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Design data center redundancy based on cloud outage lessons

Public cloud providers have had catastrophic outages, but IT administrators can learn from cloud redundancy failures and successes -- and apply them to on-premises infrastructures.

IT administrators can use cloud redundancy examples and lessons learned from recent outages in the design of their...

on-premises data center redundancy.

Cloud platforms, especially large, public ones, have many levels of redundancy, but none are impervious to the occasional unexpected outage. Cloud platforms, like every technology inside a data center, can encounter issues that lead to downtime.

On-premises hardware failures and software bugs are inevitable, but the public cloud gives IT administrators ways to mitigate these problems. Public clouds have availability sets, redundant data centers, availability zones and regions that enable admins to plan for disruption. These various tactics are important, but admins must design reliable applications that take advantage of public cloud redundancy features.

The idea that the resiliency of an organization's IT assets depends more on the application than the infrastructure is different than the traditional way of thinking. For the past two decades, admins have maintained resilience through backups, replication and other infrastructure-centric technologies. However, with the vast majority of public cloud platforms, this strategy no longer works.

In recent years, the cloud provider industry has suffered more than its fair share of outages. Each time a cloud provider has an outage, the industry appears to learn lessons about designing native cloud redundancy. Admins can apply these lessons to traditional virtualized data center redundancy.

Rethink data center redundancy

Some of the services that are fundamental to nearly every traditional organization are designed to protect against outages. Services like the Network Time Protocol and network routing are designed to be highly redundant. However, just because a system is supposed to be redundant doesn't mean its configuration is ready to fully take advantage of natural redundancies.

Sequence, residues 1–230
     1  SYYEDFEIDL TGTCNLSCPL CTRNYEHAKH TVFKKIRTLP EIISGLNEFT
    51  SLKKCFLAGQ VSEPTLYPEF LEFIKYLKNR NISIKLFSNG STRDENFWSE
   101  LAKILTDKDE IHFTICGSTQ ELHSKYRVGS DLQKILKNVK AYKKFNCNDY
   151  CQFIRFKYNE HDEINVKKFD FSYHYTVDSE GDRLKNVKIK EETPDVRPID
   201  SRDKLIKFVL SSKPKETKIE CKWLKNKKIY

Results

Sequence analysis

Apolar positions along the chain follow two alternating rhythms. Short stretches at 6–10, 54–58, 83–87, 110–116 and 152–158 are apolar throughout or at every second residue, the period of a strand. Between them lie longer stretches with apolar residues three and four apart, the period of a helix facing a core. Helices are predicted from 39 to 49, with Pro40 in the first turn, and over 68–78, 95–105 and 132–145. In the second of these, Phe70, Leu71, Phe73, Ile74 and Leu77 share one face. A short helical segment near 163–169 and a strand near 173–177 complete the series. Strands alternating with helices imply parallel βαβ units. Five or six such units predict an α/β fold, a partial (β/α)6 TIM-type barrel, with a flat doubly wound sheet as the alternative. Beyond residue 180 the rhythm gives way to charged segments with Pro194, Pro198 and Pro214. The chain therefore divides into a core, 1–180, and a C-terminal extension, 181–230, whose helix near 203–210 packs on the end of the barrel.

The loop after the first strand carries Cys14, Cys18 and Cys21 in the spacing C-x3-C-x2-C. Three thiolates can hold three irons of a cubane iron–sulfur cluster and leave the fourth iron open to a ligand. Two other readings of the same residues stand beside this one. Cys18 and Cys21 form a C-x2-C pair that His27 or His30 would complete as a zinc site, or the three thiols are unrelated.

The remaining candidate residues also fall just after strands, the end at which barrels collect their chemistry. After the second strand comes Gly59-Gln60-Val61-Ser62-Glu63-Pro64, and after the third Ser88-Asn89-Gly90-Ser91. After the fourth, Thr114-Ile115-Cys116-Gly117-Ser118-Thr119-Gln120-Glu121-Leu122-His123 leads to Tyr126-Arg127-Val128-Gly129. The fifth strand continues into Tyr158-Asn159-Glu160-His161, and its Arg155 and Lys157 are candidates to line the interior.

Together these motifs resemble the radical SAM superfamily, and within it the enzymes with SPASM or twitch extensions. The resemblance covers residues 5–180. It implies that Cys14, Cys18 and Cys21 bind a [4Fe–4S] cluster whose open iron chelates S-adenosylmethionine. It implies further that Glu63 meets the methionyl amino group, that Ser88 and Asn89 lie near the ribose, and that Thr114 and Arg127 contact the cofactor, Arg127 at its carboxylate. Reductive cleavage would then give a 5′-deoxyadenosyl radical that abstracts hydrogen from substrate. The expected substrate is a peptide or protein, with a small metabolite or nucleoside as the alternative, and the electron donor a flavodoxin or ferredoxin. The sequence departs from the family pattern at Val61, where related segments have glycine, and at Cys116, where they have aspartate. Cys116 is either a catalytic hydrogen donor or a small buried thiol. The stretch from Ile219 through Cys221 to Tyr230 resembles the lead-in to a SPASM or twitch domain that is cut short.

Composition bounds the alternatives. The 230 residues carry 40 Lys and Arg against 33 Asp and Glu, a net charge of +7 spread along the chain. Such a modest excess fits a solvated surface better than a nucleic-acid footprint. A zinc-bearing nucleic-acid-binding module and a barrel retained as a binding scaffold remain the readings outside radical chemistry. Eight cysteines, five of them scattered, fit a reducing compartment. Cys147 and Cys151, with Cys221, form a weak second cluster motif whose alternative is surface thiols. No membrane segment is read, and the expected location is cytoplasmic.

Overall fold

The key is to design systems that meet business requirements under normal and abnormal states.

Some core services don't have an option that makes them highly available. IT departments almost always have technical debt that they must deal with, which demands the support of legacy systems that don't behave optimally. For example, some legacy application authentication systems can only exist on a single server, which limits data center redundancy.

Admins shouldn't put all their eggs in one basket. For most traditional deployments, it's best to have redundant hardware inside redundant data centers. Admins can take this tactic further by using redundant virtualization clusters that don't share systems -- similar to a cloud provider that has several availability zones. This can enable an application to rely on a higher level of data center redundancy, but it's only worthwhile if the business requirements warrant that level of protection.

With these tactics in place parallel across the cloud and data center, it might help to use public cloud provider terminology, such as availability zones, when talking about analogous, traditional infrastructures. This language enables developers to more easily understand infrastructure concepts because they're likely already familiar with similar cloud concepts.

Cloud redundancy isn't perfect, and outages offer lessons

A highly redundant system isn't immune to performance degradation. During a recent public cloud outage, directory services failed to keep the service up and running from one region to another. Rerouted traffic overworked other regions and left the service unable to keep up with the demand.

When admins design data center redundancy, they must plan around the load in the event of an outage. An admin might have two servers to support data center redundancy, but one server might not be able to handle the entire load. The key is to design systems that meet business requirements under normal and abnormal states.

Many organizations assume things are configured correctly but find out otherwise during an outage. This lesson learned is something Netflix's Chaos Monkey is known for. If admins don't practice dealing with an actual outage, they'll never know how the system will react. No system is an island. Each application and service has dependencies that further complicate testing.

Outages happen. This is true in the private data center and the public cloud, but inside the data center, admins typically know and understand the inner workings of the system. When a cloud provider has an outage, it's easy to feel as though there aren't lessons to learn from the outage, but that's far from the truth. Public cloud providers use different tools and methods than traditional data centers, but the lessons about building and sizing redundancy are universal.

This was last published in November 2018

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